The best metric is progress -- and the easiest metric to measure is increased weight on your lifts. Especially beginners, you'll probably be able to add 2.5, 5 or even 10 pounds to your lifts ever week or two. At that rate, it doesn't take too many weeks before you have some nice increases. "Big gains" are a fallacy. It never happens that you just role out of bed one day and add 50 pounds to a lift. Instead, it is a slow progression.
With that said, there are also many variables.
Are you "young" or "old"?
Have you ever trained before?
Do you have your diet in order, eating enough protein?
Are you too fat (and need to lose weight), or are you lean?
What is your goal? (strength, endurance, look good, compete, lose weight, gain weight?)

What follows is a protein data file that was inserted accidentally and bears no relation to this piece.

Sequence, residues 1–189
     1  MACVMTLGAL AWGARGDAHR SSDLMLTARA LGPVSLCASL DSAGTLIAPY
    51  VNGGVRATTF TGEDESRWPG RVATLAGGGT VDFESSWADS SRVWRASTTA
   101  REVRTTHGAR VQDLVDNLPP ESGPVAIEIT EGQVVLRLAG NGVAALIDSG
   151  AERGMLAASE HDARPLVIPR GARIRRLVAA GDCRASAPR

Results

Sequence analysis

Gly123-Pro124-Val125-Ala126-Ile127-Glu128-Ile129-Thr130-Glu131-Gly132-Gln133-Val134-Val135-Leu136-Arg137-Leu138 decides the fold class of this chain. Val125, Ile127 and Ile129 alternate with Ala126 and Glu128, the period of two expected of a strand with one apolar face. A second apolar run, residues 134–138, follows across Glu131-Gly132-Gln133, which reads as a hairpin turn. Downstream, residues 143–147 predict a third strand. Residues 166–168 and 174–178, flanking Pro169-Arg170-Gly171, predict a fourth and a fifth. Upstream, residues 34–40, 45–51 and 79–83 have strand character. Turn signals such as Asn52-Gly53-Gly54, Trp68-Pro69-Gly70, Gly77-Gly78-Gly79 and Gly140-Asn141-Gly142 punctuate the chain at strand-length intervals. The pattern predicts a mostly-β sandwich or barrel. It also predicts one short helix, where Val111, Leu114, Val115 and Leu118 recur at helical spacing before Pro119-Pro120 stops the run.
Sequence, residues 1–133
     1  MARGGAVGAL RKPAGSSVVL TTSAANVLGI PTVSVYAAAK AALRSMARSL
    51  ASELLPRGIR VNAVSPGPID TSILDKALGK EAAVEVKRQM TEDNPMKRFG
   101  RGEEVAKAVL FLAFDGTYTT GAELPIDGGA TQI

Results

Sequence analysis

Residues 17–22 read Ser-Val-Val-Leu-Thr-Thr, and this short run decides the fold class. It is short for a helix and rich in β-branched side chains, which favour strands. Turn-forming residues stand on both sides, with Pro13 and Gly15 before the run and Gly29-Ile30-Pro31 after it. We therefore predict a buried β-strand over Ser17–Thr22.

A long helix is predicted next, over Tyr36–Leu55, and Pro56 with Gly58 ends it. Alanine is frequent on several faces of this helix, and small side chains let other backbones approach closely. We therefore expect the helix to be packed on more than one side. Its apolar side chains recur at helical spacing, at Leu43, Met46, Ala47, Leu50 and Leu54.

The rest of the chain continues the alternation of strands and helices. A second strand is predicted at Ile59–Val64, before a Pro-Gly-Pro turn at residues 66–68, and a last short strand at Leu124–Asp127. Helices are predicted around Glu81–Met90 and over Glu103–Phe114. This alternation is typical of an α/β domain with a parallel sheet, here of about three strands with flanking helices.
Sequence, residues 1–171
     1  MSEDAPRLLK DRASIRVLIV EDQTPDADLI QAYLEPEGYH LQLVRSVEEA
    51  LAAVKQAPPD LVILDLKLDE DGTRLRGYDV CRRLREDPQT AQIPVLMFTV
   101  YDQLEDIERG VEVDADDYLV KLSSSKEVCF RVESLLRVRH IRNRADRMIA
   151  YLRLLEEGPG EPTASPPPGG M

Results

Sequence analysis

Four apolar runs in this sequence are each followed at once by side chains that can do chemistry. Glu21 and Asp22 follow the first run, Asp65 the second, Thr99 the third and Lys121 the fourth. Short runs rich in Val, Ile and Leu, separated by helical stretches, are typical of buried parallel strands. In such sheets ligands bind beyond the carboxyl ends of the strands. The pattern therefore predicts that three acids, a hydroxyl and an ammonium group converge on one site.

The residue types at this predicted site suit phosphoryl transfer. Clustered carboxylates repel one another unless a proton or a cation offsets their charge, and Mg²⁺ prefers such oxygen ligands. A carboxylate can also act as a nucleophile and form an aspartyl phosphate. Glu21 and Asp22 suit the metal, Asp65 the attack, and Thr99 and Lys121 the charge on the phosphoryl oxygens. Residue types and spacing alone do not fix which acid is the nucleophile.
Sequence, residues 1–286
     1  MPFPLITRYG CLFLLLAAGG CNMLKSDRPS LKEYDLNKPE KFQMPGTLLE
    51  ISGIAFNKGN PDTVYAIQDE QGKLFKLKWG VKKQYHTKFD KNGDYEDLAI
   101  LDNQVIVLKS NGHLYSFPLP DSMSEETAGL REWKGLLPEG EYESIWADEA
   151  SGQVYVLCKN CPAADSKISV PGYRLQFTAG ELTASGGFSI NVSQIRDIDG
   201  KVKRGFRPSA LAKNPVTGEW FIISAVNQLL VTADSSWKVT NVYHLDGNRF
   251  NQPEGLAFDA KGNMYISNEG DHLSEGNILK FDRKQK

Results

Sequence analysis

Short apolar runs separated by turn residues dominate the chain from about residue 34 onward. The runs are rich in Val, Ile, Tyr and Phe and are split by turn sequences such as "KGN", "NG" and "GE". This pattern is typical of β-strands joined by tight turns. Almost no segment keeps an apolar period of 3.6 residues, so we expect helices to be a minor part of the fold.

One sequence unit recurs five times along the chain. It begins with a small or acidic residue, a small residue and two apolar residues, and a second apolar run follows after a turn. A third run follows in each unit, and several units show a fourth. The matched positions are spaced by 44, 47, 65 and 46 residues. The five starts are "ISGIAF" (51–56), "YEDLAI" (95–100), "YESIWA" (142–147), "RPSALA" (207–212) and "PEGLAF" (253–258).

What is your rest time between sets? (30 seconds or 3 minutes)?
It is a popular opinion that beginners do best with 1) multiple movements per workout, and 2) compound movements (squat, bench, deadlift, chinups).
Starting out, you won't be able to do much weight on these, so it is conceivable that you could do all 4 exercises, every workout -- with rest days. But as you progress, and add weight, and sets, you won't be able to do all exercises every workout. You'll start to notice that whatever you do first that day, is your best lift, and what you are doing last -- is your worst lift. Doing squats first, you'll set a personal record. Doing bench last, you'll be lucky to do the same weight you did last time. At this point, you will need to start breaking movements up into different days (upper body one day, and lower body another day is common).
30 minutes per workout -- sure. If you are focused and efficient. You do these 4 exercises for 6 months, add weight when you can, at 30 minutes per workout -- then you will be significantly stronger in 6 months. I also bet you will want to spend more than 30 minutes per workout after 6 months.
Oh, and please don't waste your time doing doing curls. You can add curls after you can do 3 sets of at least 8 reps, bodyweight chinups.